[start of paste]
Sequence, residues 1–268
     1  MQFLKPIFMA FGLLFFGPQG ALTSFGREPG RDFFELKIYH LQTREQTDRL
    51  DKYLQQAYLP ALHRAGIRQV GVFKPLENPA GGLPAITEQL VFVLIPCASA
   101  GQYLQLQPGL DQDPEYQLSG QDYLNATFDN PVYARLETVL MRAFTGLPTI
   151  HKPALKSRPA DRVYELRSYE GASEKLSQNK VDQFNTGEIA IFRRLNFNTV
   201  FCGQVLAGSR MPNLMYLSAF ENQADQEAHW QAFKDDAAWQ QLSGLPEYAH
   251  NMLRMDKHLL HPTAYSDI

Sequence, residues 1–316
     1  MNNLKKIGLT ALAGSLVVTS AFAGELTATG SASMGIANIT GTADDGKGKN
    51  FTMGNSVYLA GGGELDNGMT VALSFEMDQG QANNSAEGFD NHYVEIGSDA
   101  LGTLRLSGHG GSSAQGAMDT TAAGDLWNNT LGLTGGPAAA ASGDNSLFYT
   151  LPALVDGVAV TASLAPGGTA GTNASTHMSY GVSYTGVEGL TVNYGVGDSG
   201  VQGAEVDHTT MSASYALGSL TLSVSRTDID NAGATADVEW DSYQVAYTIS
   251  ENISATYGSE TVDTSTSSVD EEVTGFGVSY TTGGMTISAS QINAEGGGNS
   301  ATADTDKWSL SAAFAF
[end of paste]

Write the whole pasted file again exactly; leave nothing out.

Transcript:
Sequence, residues 1–268
     1  MQFLKPIFMA FGLLFFGPQG ALTSFGREPG RDFFELKIYH LQTREQTDRL
    51  DKYLQQAYLP ALHRAGIRQV GVFKPLENPA GGLPAITEQL VFVLIPCASA
   101  GQYLQLQPGL DQDPEYQLSG QDYLNATFDN PVYARLETVL MRAFTGLPTI
   151  HKPALKSRPA DRVYELRSYE GASEKLSQNK VDQFNTGEIA IFRRLNFNTV
   201  FCGQVLAGSR MPNLMYLSAF ENQADQEAHW QAFKDDAAWQ QLSGLPEYAH
   251  NMLRMDKHLL HPTAYSDI

Sequence, residues 1–316
     1  MNNLKKIGLT ALAGSLVVTS AFAGELTATG SASMGIANIT GTADDGKGKN
    51  FTMGNSVYLA GGGELDNGMT VALSFEMDQG QANNSAEGFD NHYVEIGSDA
   101  LGTLRLSGHG GSSAQGAMDT TAAGDLWNNT LGLTGGPAAA ASGDNSLFYT
   151  LPALVDGVAV TASLAPGGTA GTNASTHMSY GVSYTGVEGL TVNYGVGDSG
   201  VQGAEVDHTT MSASYALGSL TLSVSRTDID NAGATADVEW DSYQVAYTIS
   251  ENISATYGSE TVDTSTSSVD EEVTGFGVSY TTGGMTISAS QINAEGGGNS
   301  ATADTDKWSL SAAFAF